looks like frost damage to me...the plant should be fine...for now, put lots of mulch over the roots. Cover with frost cloth if we get more freezes and once all danger of frost has past you can prune off frost damaged leaves and branches. DO NOT prune until all danger of frost has past. The damaged upper leaves now provide protection for the lower leaves. Removing them will leave the other parts of the tree suseptible to frost damage. I have heard that guavas can be killed to the ground during a freeze and then grow back in spring. This is why mulch is important.
Good idea. Anytime it gets around 40 degrees, start being careful. Most areas away from the airport or down town are colder than the reported temperature.
My three tropical guavas looked just like that after the first frost. And they were covered. They are protected by my house to the north, and a block wall on the west and east from winds. They have 4 inches of pine bark mulch. Like yours they were planted in Oct. Eventually all of the leaves looked like the ones at the top. The Malaysian Red was a bit less sensitive than the other two but eventually succumbed as well. All the leaves are still completely brown and dried out but still attached. I continue to cover at night and hope the guavas spring back in the spring. Two of them were weeping anyway from too little caliper and too much support at the nursery, so I will probably cut them back to half their original height in mid-January. And later on we will see if there is growth from the stem or from the roots or if they are dead. I didn't realize it but my yard gets 8-9 degrees cooler than Sky Harbor's temp which is the main reported one.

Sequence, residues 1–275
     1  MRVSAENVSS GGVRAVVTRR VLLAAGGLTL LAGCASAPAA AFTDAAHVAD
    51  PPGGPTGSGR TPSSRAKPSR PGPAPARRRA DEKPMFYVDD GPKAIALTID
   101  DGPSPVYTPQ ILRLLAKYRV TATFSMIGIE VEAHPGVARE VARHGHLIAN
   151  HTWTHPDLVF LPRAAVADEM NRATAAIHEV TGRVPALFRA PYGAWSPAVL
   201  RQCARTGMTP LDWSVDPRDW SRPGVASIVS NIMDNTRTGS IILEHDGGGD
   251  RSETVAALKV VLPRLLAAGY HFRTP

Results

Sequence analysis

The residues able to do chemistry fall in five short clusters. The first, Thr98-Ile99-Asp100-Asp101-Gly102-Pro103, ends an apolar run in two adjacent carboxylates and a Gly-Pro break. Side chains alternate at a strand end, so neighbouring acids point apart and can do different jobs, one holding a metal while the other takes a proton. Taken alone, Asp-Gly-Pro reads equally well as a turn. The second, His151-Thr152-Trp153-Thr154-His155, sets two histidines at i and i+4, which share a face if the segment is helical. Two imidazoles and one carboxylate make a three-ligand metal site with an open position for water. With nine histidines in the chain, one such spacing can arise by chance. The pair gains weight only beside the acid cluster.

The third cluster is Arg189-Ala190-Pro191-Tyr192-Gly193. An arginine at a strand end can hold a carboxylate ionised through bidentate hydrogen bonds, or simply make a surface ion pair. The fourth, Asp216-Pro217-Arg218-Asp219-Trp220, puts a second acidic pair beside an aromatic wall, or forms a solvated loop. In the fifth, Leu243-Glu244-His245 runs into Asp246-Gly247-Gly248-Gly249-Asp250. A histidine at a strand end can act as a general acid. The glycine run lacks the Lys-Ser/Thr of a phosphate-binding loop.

As for the other tropicals: My pineapple has died back though the core is still green. The tops of the papayas were taken put by frost the first day. I built a cage to hold the frost cloth off of them but damage done. They will probably grow back in Feb. My banana is still hanging in there. My mango was unfortunately placed next to the east wall thinking it would provide a warmer environment...just the opposite. My new block wall courtesy my new neighbor has created the coldest part of may yard...stays in frost until direct sunlight hits it. Going to be my chill hour zone for 400 hour trees. But I have to move my mango. It froze 2/3rds the way down the stem. But I think it will transplant now and grow back in Feb. All of these were covered from day one. I have cages now to keep cloth off of the direct top of the plants for all. The loquots don't care about the cold and are looking good.
My guava tree was planted on the north side of the wall. I also noticed that there was frost on my turf this week even though the temperature was not reported to get close to freezing point.
Should I cover the guava tree with clothe every night until spring comes? Will that help?
Yes, cover it since it is already showing damage.
Will the guava tree die because of the frost damage? I just planted it late Oct this year.
Answered by Karis